And then He came.

Little is known of Barack Obama’s early years. Once he answered his calling as a community organizer in his 30th year, however, he quickly began to change people to his way of thinking. His opponents portrayed his philosophies as radical, even dangerous. But he triumphed over his adversaries, and wrote of his trials in a book he titled, Dream from My Father— a memoir that chronicled a father who abandoned him at his time of need, yet someone whom he has always kept close, especially in moments of doubt.

Many are bothered that the pundits are so overwhelming behind Obama. Yet as any student of history knows, there are two sides of history: the right side, and the wrong side. But we are not talking about that pedantic, petty, “you are either with us or against us,” mantra the Bush Administration has perpetrated against the American people for the last eight years. This is different.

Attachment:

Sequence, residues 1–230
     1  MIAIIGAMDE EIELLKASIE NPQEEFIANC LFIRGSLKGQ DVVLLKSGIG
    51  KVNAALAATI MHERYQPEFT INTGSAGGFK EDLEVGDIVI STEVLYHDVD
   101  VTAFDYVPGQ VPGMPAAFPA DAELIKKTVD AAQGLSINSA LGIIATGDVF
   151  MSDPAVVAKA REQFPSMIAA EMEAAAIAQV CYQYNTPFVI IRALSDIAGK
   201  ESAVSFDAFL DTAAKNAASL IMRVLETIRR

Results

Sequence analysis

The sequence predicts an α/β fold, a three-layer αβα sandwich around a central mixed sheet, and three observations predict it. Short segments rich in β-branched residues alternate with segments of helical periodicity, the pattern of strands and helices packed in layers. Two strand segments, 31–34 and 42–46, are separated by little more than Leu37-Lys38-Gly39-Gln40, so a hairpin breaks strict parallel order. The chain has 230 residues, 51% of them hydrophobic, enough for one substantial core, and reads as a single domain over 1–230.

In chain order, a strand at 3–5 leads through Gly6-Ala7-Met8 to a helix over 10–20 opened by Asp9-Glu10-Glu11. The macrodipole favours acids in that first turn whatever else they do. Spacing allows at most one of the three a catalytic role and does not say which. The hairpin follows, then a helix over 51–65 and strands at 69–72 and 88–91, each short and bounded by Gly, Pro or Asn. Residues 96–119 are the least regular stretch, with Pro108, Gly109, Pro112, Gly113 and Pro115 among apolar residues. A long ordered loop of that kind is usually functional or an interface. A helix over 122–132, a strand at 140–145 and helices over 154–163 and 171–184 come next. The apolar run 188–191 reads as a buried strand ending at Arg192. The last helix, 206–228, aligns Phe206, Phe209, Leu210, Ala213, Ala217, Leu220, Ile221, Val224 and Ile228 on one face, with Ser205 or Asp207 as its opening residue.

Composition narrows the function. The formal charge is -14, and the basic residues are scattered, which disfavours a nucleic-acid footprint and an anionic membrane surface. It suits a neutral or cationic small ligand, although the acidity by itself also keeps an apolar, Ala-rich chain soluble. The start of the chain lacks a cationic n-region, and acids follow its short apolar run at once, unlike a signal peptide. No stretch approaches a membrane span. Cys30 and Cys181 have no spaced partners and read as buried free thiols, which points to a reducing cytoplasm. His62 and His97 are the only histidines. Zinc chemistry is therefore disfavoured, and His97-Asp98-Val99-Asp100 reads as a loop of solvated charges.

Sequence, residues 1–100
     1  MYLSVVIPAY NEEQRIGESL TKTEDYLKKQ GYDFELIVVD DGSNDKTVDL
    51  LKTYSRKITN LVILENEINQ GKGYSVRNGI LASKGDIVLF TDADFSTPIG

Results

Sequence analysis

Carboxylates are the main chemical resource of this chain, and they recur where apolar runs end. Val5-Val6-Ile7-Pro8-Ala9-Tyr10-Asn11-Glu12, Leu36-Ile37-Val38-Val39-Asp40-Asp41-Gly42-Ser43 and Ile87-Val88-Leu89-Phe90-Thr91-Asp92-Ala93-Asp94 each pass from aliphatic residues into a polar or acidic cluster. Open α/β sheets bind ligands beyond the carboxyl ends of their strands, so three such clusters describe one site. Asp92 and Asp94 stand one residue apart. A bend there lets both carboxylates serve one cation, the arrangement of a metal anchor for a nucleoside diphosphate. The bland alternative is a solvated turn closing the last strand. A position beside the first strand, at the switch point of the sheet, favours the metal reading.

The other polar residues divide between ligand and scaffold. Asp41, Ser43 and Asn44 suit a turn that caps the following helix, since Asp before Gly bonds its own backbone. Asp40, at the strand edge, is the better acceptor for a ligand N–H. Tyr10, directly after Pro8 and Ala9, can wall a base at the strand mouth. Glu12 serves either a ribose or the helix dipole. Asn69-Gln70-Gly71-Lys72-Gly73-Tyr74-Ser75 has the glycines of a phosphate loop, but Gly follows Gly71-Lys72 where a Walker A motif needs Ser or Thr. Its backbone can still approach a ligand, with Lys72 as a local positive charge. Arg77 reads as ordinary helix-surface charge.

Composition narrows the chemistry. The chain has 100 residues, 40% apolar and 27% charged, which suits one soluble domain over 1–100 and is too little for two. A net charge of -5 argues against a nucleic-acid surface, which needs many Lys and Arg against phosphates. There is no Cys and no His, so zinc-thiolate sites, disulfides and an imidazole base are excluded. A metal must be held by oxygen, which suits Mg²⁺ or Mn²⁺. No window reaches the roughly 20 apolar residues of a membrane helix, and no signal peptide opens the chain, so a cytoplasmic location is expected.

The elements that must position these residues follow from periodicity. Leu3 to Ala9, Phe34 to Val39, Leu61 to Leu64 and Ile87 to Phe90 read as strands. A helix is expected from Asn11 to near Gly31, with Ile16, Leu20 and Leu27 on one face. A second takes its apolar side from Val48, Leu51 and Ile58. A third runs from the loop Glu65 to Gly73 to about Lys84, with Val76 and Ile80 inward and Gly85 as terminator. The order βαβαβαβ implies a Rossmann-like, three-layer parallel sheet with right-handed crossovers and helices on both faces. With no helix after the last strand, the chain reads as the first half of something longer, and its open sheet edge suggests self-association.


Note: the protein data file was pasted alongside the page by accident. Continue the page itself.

For years, we have been like a ship lost at sea as our moral and ethical bearings have given way to greed and gluttony. But the tide is about to turn, and the hour is rapidly approaching. And while the pundits may be on the right side of history, the pundits have gotten it wrong.

Electing Barack Obama as the first African American president isn’t about standing on the ship’s bow and shouting that Pharaoh’s days are numbered. It’s not as black and white as that. There are larger factors at play. And when the history books are written, it will become apparent that the decision to cede the moral direction of a nation to a man about whom little is known but much has been entrusted was never our decision to make in the first place.

What happens in the days that follow is…

Then the sands will roll,
Out a carpet of gold,
And the ship’s wise men,
Will remind you once again,
That the whole wide world is watchin’.

November 3, 2008 Posted by | Disgruntled, Dylanologist | , , , , | Leave a comment